We can get a bit tougher on our screen and focus only on managers with an observed IR of at least 0.50. Here are the results of the 2000 simulations:
IR1 = 2% / 4%
IR2 = 0% / 8%
% with IR > 0.5 after 5 years
Average return when IR > 0.50
Expected future return
It is good to see that the skilled managers have significantly higher probabilities of showing up in our screened universe but don’t forget that in real life, we cannot distinguish between the two groups. There are still one in seven no skilled managers with a very interesting IR, and because of the higher risk, these managers outperform by significantly more (5.95% vs 3.37%).
In conclusion, based on historical performance alone, it is very difficult to distinguish the skilled and no-skill manager.
Question: How many managers should be hired?
Most managers will tell you that you should hire just one: i.e. them. I don’t agree with that. Let’s go back to our simulation and let’s assume that we begin the simulation with 100 skilled managers, and 100 no-skilled managers. After 5 years, we retain only 50 skilled and 14 no-skilled for a total of 64 managers with an interesting IR. If we pick only one manager randomly, there is a 78% chance we pick a skilled manager (50/64), and therefore 22% chance of picking the no-skilled manager. If we pick the manager with the highest return, we will, with almost certainty, pick a no-skill-high-risk manager…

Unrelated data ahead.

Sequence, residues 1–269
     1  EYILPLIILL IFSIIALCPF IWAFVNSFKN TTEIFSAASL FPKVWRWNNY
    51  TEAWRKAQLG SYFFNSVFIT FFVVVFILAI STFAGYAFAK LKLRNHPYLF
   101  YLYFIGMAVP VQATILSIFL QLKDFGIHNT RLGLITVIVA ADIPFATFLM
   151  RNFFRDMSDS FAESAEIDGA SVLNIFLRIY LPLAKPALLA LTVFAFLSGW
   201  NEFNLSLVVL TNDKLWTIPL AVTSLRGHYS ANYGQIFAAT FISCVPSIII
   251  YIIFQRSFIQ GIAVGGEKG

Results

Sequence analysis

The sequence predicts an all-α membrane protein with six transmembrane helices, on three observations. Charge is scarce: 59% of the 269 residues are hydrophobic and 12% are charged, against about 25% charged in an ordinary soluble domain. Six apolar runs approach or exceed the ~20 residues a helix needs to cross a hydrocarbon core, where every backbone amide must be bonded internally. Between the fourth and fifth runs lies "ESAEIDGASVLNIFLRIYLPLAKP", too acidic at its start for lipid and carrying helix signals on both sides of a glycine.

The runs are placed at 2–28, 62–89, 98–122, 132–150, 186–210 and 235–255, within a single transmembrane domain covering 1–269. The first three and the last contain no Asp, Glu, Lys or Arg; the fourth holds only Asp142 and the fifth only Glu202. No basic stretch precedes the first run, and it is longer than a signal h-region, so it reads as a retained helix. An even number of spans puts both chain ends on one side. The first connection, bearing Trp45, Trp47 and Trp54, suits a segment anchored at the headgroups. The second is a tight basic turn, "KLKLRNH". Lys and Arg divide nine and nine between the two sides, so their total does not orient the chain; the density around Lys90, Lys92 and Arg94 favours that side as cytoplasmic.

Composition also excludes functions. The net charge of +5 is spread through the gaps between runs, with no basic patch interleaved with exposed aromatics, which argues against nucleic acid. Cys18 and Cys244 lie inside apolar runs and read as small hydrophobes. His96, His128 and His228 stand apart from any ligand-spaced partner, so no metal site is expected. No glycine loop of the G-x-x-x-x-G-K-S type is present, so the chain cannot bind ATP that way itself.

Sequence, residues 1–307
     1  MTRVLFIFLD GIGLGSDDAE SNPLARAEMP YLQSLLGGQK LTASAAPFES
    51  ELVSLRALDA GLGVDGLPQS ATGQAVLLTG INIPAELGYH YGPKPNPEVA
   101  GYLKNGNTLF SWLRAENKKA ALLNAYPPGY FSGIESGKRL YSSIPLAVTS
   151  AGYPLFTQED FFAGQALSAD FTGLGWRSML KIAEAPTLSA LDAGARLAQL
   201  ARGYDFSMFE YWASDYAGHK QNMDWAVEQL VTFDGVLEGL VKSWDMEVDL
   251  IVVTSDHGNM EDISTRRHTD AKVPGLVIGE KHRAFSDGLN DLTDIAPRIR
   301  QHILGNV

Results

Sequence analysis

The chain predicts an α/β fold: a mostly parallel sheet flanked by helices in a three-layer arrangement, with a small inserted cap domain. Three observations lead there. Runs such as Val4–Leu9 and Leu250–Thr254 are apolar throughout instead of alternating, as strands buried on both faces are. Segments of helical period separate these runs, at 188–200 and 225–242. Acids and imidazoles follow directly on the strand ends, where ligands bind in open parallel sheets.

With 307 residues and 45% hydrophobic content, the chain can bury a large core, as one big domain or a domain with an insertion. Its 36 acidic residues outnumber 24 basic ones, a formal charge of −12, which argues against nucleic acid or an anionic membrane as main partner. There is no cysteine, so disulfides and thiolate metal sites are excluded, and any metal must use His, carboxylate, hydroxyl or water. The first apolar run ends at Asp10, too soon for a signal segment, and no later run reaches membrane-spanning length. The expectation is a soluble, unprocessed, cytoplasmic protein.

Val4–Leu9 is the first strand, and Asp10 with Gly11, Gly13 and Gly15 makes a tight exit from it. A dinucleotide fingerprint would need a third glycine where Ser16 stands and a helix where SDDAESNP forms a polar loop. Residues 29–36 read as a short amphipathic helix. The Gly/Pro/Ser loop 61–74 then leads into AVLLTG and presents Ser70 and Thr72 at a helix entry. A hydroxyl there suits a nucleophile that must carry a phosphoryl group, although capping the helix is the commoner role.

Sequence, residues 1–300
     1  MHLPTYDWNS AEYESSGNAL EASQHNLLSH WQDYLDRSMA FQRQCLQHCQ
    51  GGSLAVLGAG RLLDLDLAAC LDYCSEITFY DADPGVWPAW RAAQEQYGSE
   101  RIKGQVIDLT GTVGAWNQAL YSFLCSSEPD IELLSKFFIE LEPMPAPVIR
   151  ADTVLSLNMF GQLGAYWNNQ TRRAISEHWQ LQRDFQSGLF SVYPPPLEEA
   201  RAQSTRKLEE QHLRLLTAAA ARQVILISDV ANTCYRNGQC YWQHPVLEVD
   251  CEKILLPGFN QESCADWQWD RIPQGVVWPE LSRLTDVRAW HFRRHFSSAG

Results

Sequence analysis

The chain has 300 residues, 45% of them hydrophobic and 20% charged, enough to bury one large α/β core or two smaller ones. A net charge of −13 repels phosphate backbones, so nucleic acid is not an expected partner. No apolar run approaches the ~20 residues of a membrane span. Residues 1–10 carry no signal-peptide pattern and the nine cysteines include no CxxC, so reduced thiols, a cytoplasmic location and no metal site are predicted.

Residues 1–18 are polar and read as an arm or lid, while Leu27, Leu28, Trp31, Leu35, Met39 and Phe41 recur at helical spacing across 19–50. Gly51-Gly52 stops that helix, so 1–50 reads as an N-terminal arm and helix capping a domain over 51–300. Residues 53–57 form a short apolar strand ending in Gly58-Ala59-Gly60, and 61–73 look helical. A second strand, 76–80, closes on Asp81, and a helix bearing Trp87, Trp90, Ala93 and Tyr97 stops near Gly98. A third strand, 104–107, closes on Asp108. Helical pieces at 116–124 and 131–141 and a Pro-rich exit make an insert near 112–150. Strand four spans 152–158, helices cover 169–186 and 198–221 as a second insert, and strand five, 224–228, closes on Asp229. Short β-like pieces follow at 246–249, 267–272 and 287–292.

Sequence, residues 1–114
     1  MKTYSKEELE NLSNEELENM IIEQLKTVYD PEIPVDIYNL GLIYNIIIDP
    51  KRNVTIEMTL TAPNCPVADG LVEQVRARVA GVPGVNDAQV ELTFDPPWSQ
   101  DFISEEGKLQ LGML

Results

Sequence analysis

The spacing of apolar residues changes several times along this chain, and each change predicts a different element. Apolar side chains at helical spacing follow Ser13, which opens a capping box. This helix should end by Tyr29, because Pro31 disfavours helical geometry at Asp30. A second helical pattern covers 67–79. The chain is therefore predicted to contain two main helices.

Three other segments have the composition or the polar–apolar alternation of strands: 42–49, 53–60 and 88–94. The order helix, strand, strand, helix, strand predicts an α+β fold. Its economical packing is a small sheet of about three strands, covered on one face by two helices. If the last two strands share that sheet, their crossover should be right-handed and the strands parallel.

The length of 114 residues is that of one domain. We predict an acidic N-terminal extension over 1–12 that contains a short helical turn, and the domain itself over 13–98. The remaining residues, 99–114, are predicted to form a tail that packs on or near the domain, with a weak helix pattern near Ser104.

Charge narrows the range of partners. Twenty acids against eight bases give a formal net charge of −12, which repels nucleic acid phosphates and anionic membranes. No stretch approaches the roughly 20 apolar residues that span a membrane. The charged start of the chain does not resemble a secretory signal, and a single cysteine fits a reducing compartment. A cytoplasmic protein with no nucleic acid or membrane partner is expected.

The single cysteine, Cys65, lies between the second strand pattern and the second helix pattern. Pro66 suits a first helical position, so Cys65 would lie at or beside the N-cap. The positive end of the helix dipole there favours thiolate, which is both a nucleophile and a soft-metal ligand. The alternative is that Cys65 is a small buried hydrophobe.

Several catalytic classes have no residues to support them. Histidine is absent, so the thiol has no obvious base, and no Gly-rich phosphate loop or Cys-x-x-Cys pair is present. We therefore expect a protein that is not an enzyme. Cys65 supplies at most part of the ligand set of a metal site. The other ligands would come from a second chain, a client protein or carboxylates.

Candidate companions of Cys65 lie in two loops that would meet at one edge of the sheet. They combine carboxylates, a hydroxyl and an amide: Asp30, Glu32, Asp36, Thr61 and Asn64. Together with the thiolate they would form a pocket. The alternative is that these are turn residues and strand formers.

Hopefully proper due diligence will increase the odd of finding the skilled managers (you should measure your investment skill at doing this) but we can’t rely only on that. We should hire more managers in order to increase the likelihood of being exposed to the skilled managers.
But if you still think that hiring only one good manager makes sense, I will still try to convince you otherwise, even after you hire me.